World Economy

Spain Services Sector Growth Eases

Spain’s services industry took a hit last month during the crisis in Catalonia, dealing a blow to one of the euroarea’s best-performing economies.

IHS Markit’s monthly gauge fell the most in more than two years, dropping 2.1 points to 54.6, according to data published on Monday. While the gauge still signals growth, that’s the weakest reading since January and far below the median forecast of economists, Bloomberg reported.

Ken Wattret, an economist at TS Lombard in London, said “political hullaballoo over Catalonia has taken its toll,” and the softer services activity tallies with reports about a “sharp drop in tourist-related activity.”

With Catalonia accounting for about 20% of Spanish output, it will be crucial for the entire economy to bring the crisis to an end after more than a month of chaos.

In its report, IHS Markit said confidence among service providers fell to the lowest in more than a year and some companies have been “delaying spending decisions amid uncertainty.”

Still, Cathal Kennedy, European economist at RBC Capital Markets said the effect on the Spanish economy next year is likely to be “relatively small.” While the crisis may shave off as much as 0.2 percentage point from fourth-quarter growth, now “may mark the high point of the impact.”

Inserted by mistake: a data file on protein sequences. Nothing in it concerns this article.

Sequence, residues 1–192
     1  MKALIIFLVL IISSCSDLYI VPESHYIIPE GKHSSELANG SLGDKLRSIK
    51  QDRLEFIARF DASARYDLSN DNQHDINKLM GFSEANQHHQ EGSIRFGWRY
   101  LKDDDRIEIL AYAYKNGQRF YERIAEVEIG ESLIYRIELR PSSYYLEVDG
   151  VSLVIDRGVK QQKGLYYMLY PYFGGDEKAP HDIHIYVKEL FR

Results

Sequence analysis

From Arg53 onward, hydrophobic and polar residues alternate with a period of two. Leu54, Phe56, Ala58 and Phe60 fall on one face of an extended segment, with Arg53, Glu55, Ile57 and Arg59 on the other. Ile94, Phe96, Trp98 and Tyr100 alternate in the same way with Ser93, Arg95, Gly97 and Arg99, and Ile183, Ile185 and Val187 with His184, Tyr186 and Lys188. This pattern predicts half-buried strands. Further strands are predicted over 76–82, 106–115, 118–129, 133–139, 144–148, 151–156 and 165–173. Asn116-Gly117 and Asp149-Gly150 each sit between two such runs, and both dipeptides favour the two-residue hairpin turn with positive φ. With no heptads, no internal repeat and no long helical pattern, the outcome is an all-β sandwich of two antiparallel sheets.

Spain’s central government took direct control of Catalonia at the end of October after the regional government staged an illegal vote on secession from the rest of Spain before declaring itself independent.

“Events in Catalonia acted to dampen growth, with the impact on service providers greater than was seen for manufacturers in the sister PMI survey last week. There were reports of clients delaying spending decisions amid uncertainty, while business sentiment dropped to the lowest in over a year,” he said.

Meanwhile, the eurozone’s economy is on track for a strong finish to 2017 and firms are passing on more of their costs to consumers as pricing power increased, a survey showed on Monday.

IHS Markit’s final composite purchasing managers’ index for the eurozone fell to 56.0 in October last month from September’s 56.7, piping an earlier flash estimate of 55.9 and comfortably above the 50 mark that separates growth from contraction.

“The final euroland PMI was revised up marginally from the flash to leave eurozone growth looking healthy at the beginning of Q4,” said Cathal Kennedy at RBC Capital Markets.

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